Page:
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Experience a Different World! Travel Tips for Cochlear Implant Users

June 15th, 2009 by | Tags: , , , , , , , | 3 Comments »

Traveling is such an incredible way to broaden our horizons, learn new languages, and try new food.  However, traveling takes a lot of time to prepare.  Because I have traveled to 18 countries, I am sharing tips based on some of my past traveling experiences relating to cochlear implants that may be helpful for other cochlear implant users to know.

Who’s gonna shake my bed? Of course almost no places will have an alarm clock with a bed shaker.  Taking the alarm clock with the vibrator disk is certainly a hassle!  Well, I’ve been using this great travel vibrating alarm clock called Sonic Boom Portable Vibrating Alarm Clock.

Also, many cellphones also have a vibrating alarm clock, and I use my cellphone as an alarm clock quite often.

Where am I going to store my processors? Dry and Store has a travel size box called Zephyr to store the processors.  I’ve also used the regular hearing aid dehumifier when I go to places that do not have a strong humid climate.

Can I go through the metal detectors at the airport? Of course!  According to Advanced BionicsCochlear™, and MED-ELcochlear implant users can pass through the metal detectors without any issues.

Also be sure to carry spare cords, magnets, and coils, and if you have spare processors, do take them too!  You’d never know what could happen on your trip.  Also, if you’re using rechargeable batteries, do not forget to take your battery charger!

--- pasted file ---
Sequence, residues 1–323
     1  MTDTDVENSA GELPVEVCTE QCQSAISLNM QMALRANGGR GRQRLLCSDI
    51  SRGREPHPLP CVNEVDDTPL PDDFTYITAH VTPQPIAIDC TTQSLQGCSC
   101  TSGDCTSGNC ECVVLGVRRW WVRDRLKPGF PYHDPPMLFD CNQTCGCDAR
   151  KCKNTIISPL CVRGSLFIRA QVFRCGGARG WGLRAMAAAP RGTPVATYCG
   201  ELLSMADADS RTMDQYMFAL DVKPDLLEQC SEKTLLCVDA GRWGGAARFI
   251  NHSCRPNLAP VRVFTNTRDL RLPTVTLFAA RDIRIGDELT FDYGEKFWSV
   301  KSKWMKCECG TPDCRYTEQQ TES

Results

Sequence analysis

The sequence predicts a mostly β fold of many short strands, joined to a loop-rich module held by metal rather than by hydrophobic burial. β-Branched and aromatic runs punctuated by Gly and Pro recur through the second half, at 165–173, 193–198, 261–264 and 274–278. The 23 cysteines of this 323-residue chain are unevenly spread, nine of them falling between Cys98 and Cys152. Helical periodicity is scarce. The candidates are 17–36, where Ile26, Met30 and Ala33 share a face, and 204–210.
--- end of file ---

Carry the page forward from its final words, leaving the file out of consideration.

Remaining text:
What happens if my sound processors break? It is extremely important to bring spare sound processors if you have them when traveling because getting your sound processor fixed or acquiring a new sound processor can take away a lot of invaluable time from traveling.  If you do not have a spare sound processor and it does break, you can locate the nearest clinic on a manufacturer’s website - Advanced BionicsCochlear™MED-EL.  It is also a good idea to locate the nearest clinic in where you are traveling and write the information down on a paper to take with you prior to departing in case if you do not have access to internet.  You should also bring copies of your MAPs in case if the clinic abroad cannot access your MAPs.  You can also contact your manufacturer’s customer service, and they may be able to assist you in finding a solution should if a problem occur while traveling.

Do I need to bring plug converters or adapters?  Because the prongs for the plugs and voltage is not universal, it is imperative to check to see if your plug for battery charger, Dry and Store and any other electronic devices will work abroad.  Search “worldwide plug adapter” on Google and you will find out whether or not the plug will work in the country where you are traveling.  All three cochlear implant manufacturers have their own plug adapters for battery chargers.


EDITED 8/19/2013: Added additional tips.


June 15, 2009 at 7:13 am

You mean a third language!


June 15, 2009 at 2:30 pm

Peru sounds really exciting! I am jealous.

Tell me about the Zephyr — is it easy to fit two processors in it? How big is it compared to the Dry & Store Global?


June 16, 2009 at 12:32 am

Zephyr is slightly smaller than the Dry & Store Global. The size differences is really not that big. It certainly can fit two processors. I honestly prefer the regular Hearing Aid dehumidifier box as it’s lightweight and much more compact, but unfortunately, Peru is supposed to be VERY humid and so, I’ll have to drag the big fancy box.